Under the Ivy
by Gregg Lange '70
October 11, 2006:
Edificia alma mater
A look at building-naming trends around campus
By Gregg Lange ’70
I recall, as a high school junior, marching across the campus in a small herd
behind a backward-walking and irrepressible Orange Key guide in my first exposure
to this seemingly medieval world. At a point near Alexander Hall, some of his
acquaintances passed by and somberly reminded him to be certain to note Dumnobble
Memorial Flagstone, or some other ludicrous imaginary icon, just around the corner.
His raucous laughter made me instantly wonder if student health care was adequate
at Princeton. But more on that later.
We love naming stuff after folks. Aside from the obvious fundraising opportunities,
it personalizes the concrete – in both senses – and serves jointly
as reminder and perspective for those of us passing through. Von Neumann Hall
and the G Wing of the Engineering Quad are adjacent; which would you rather visit
on a whim? My tour guide’s taunting buddies, however, demonstrated the
dark side of this force, namely the proliferation of named plazas, gates, towers,
and individual black squirrels until nothing remains without a plaque on it (except
G Wing, of course).
In this rarefied world of endless inscriptions and curious Latin phrases,
the Golden Rule generally prevails: Whoever gives the gold makes the rules. So
we have buildings named after not only donors but University presidents, student
drinking buddies, professors, kings of England, Cleveland, whatever. The latest
trend, exemplified by the generous Frists and Fishers and Hodeses, is to get
the whole extended family together and name something after everybody, as Princeton
classes have done more generally for years.
Many of those who donated buildings over the centuries have been women, usually
relatives of alumni, responsible for everything from Holder Hall to Alexander
Hall to Brown Hall. My personal favorite is Esther Jadwin p’28, who with
no direct connection to the University except her son, 36 years dead, left enough
at her death in 1965 to build L. Stockwell Jadwin ’28 Gym, Stanley P. Jadwin
Physics Lab (named for her husband), the new Fine Hall, the math-physics library,
So it might well surprise you to learn that at the end of the 20th century,
there were precisely two buildings at Princeton named solely after women. The
first, by a long shot, is the Isabella McCosh Infirmary, built by subscription
of alumni in 1892 (and replaced in 1925), dedicated by the trustees to the iconic
Scottish wife of iconic Scottish president James McCosh over her strenuous objections.
Daughter of a physician, she had spent much effort over the years trying to keep
the manly undergrads from dying from the dread diseases of the day, nursing them
along with tea, clean sheets, and motherly advice.
The second building, appropriately enough at the advent of coeducation in
1973, was Spelman Halls, given by Laurance Rockefeller ’32 in honor of
his late grandmother, Laura Spelman Rockefeller, who founded Spelman College
in Atlanta. And that was that.
But speaking of coeducation, the new millennium has brought a breathtaking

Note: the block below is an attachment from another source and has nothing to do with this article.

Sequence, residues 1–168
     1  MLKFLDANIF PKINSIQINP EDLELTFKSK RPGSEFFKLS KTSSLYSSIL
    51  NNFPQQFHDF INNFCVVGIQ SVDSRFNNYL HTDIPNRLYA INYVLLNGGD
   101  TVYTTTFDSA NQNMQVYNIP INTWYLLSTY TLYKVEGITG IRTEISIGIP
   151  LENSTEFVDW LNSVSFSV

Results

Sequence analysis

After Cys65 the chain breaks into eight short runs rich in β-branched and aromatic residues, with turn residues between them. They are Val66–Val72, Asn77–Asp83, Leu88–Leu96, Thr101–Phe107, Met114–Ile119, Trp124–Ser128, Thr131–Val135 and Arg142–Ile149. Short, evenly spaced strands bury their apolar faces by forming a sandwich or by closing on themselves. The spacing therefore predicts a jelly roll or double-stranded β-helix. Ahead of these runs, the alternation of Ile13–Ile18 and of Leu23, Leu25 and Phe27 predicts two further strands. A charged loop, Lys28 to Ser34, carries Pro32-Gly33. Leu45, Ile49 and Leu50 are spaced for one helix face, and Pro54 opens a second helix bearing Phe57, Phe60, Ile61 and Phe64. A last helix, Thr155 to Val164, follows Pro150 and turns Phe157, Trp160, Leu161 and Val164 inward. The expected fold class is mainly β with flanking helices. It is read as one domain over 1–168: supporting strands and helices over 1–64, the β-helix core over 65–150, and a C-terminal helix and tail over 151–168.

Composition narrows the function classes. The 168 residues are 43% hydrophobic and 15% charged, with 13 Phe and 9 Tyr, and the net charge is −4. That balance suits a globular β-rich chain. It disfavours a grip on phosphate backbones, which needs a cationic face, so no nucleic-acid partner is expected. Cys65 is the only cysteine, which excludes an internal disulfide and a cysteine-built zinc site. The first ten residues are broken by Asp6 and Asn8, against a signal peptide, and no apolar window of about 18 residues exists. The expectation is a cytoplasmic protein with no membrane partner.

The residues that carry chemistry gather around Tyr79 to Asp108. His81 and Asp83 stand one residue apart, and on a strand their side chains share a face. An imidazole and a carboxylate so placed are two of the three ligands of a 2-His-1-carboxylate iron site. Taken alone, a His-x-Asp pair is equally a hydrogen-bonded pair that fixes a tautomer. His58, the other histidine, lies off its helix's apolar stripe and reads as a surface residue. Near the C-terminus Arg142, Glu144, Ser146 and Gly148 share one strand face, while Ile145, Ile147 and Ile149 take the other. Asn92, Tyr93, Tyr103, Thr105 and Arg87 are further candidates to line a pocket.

doubling of the population to four edifices named solely for women. The third
is Whitman College, named for eBay president Meg Whitman ’77, who with
her family donated $30 million to the project. Whitman College represents a number
of bigtime benchmarks: first undergraduate college to be built from scratch;
first Princeton collegiate gothic construction since 1948; first Really Good
Idea to Hide New South; and largest donation from an alumna. (Ah, how well we
remember the moaning from the Old Alums in the ’70s, complaining bitterly
that coeducation would be the financial ruination of the University, since the
husbands of alumnae would never allow them to donate in the generous ways typical
of the Old Male Princeton.)
The subsequent fourth structure has uniqueness as well: first building named
for a 21st-century alum, first bamboo floors on campus, first P-rade arch you
can drive an Old Guard golf cart through, first dorm donor outed by The Daily
Princetonian. Emma Bloomberg ’01 Hall is a great dormitory space, and
it continues another recent wrinkle in the Name Game: a parent – in this
case, New York Mayor Michael Bloomberg, along with his family – naming
a gift for the child, as opposed to the traditional vice versa. In addition to
Jadwin Gym, this subset includes Forbes College, given by Malcolm Forbes Sr. ’41
but named for Steve Forbes ’70. Whether the dorm will prove a virtue when
Emma runs for president remains to be seen, of course.
So the few, the proud, the four ladies – Isabella, Laura, Meg, and Emma – patiently
await their compatriots in the dedicatory pantheon, along with the immortal Dumnobble
Memorial Flagstone. Stay tuned.
Gregg Lange ’70 is a member of the Princetoniana Committee and the
Alumni Council Committee on Reunions, an Alumni Schools Committee volunteer,
and a trustee of WPRB radio. During the Reunions P-rade, he can be found at the
reviewing stand microphone, attempting to create drama from innumerable meandering
swatches of orange and black. A
Montclair, N.J., resident, he is a management consultant to companies in the
entertainment and media industries.